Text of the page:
Ivan Valin, Xiaoxuan Lu and Susanne Trumpf publish an article on the project Interstitial Hong Kong in the current issue of the LAF journal on Sharing Economy and City Future. The project focuses on Hong Kong’s Sitting-out Areas, a unique public space typology distinguished by their small size and incidence in the interstices of Hong Kong’s physical structure. By developing a critical spatial analysis of small landscape spaces in Hong Kong, as well as collecting and communicating their unifying spatial, organisational or procedural attributes, Interstitial Hong Kong examines Sitting-out Areas at the scale of both immediate urban and ecological contexts, and the spatial assemblage in reference to the occupant.
Initial research of the project was supported by the Division of Landscape Architecture at the University of Hong Kong and undertaken by the 2016/17 MLA student class. The current and ongoing research project is partially funded by Design Trust, a Hong Kong-based grant funding platform. Read the introduction of the article below and find more information about the publication and the project on the Landscape Architecture Frontiers and Design Trust websites.
Conduit Road Rest Garden, Site Section
Interstitial Hong Kong
With some of the most valuable land in the world, built-out to some of the highest densities in the world, it is not surprising that Hong Kong’s urban fabric lacks a respectable amount of public open space. Studies on the city’s urban public space often contort definitions of publicness and openness to include the ambiguous, the informal, the hybrid, the quasi-, the fleeting, or the accidental. Hyperbole and phenomena notwithstanding, it is also possible to see much of the city’s public realm as the straightforward spatial consequence of three circumstances of Hong Kong: its geology, its political economy, and its material ecology. The confluence of these drivers is best explored in the tangibly planned, clearly open, and exceedingly commonplace set of spaces known, in the parlance of Hong Kong’s municipal planners, as “Sitting-out Areas.”
Axonometric drawing of Kotewall Road Rest Garden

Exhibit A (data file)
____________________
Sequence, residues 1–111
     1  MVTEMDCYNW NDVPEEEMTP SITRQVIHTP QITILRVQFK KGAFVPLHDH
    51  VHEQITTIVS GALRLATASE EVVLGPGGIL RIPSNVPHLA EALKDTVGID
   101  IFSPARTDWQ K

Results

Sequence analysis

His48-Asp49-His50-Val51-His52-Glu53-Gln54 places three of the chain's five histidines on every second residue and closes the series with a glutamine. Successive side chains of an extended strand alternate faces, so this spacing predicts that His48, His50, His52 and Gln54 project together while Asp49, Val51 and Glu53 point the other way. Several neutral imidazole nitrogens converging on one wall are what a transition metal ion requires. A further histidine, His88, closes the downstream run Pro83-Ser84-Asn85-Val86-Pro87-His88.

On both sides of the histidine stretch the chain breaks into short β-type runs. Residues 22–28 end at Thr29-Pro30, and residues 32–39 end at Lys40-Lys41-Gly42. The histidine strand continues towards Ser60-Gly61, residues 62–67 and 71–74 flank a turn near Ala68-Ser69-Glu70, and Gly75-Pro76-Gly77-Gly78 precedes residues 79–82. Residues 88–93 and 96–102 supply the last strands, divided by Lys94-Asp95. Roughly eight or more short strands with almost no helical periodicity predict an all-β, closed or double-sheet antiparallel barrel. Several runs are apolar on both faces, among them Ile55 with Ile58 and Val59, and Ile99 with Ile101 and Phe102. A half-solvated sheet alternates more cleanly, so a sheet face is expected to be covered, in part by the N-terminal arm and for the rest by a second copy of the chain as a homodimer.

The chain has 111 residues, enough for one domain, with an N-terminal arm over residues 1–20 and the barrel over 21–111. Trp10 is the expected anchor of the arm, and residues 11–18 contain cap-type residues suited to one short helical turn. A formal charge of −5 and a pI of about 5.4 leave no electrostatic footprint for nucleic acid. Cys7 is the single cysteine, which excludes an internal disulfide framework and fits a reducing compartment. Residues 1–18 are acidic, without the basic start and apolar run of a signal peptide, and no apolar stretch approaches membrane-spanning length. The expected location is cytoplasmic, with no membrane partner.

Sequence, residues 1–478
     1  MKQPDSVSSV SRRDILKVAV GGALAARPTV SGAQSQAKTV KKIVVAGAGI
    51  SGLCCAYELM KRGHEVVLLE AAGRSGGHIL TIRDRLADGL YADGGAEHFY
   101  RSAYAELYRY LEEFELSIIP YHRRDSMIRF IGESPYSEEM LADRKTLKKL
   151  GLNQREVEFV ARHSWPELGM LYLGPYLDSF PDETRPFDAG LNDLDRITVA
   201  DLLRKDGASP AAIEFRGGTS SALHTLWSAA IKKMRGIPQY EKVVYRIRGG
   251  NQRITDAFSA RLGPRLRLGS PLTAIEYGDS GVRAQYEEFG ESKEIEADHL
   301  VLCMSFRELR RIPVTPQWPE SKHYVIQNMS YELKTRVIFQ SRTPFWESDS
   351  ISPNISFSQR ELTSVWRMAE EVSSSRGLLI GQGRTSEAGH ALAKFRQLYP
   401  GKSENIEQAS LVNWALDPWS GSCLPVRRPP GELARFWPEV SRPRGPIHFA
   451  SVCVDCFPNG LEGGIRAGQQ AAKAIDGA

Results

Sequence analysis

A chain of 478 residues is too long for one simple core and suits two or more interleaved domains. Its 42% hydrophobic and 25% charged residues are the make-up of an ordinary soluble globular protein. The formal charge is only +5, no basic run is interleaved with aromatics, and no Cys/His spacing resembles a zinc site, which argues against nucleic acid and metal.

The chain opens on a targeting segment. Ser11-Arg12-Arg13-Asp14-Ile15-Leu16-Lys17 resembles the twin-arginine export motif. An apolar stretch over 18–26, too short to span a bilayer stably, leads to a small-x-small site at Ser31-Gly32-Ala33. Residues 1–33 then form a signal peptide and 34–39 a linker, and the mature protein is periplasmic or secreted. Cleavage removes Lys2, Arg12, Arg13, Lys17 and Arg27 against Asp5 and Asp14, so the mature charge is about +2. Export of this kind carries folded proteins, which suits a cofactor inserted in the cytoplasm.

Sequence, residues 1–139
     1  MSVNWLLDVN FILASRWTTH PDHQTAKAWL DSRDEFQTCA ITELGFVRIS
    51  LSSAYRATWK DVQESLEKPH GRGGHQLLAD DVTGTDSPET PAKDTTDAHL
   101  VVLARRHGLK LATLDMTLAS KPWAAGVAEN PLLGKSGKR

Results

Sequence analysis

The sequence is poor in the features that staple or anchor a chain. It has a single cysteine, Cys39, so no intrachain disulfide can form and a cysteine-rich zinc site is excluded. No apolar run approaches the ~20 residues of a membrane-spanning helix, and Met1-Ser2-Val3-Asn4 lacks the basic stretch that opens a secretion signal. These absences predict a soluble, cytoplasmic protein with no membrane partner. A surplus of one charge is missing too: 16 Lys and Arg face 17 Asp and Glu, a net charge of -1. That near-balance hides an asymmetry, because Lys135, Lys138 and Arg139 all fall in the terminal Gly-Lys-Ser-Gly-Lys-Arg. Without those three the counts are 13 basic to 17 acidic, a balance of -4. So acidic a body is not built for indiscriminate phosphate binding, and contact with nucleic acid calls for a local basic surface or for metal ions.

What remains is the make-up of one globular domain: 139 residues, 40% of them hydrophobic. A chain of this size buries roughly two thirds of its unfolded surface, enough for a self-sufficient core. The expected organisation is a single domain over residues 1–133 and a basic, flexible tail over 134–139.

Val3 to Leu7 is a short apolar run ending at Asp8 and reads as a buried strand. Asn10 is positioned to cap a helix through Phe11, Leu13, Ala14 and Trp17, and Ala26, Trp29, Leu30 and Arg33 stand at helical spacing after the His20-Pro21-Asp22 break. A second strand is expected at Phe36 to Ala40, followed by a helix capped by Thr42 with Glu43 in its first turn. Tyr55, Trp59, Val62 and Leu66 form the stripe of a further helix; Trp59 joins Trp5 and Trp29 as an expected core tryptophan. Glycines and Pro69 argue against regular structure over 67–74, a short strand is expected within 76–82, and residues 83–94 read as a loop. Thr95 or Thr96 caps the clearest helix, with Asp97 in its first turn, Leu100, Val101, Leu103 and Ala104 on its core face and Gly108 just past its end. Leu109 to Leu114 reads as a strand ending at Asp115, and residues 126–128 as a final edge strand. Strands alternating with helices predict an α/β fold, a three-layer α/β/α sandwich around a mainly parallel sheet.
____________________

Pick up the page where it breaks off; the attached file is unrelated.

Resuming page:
These Sitting-out Areas (along with the allied “Rest Gardens” and the micro public realm interventions of the Home Affairs Department) form the smallest features in the city’s formal network of public open space amenities. Commonly called saam kok see hang (“three-cornered shit pit”) in Cantonese, Sitting-out Areas are located throughout the territory’s urbanised areas. While the Hong Kong Special Administrative Region government maintains about 60 “parks”, it oversees more than 500 Sitting-out Areas and Rest Gardens that account for a significant proportion of its public open space “portfolio”. In their ubiquity, they are all the more invisible.
As invisible space, Sitting-out Areas do not “fit” in the city and are relegated to the scraps of urban space with lesser value: the anomalies, gaps, interstices and mismatches. Nor to these spaces fit into a common typology of public space; they fall distinct from the square, street, and garden. Sitting-out Areas form a unique type of shared space in the city and a synthesis of engineered infrastructure and leisure terrain. Each Sitting-out Area oscillates between the exceptional and the mundane. In their abundance, the Sitting-out Areas are an exercise in repetition: the government has opted for expediency of implementation and maintenance through the reproduction of boilerplate assemblies and standardised details. Most feature little more program than, eponymously, a place to sit and rest. At the same time, each Sitting-out Area fills a particular interstice in the city; each reflecting a unique solution to a specific adjacency, topography, microclimate, circulation, community, and history. Uniquely generic, the Sitting-out Area is the quintessential Hong Kong urban typology.
Distribution of Sitting-out Areas on Hong Kong Island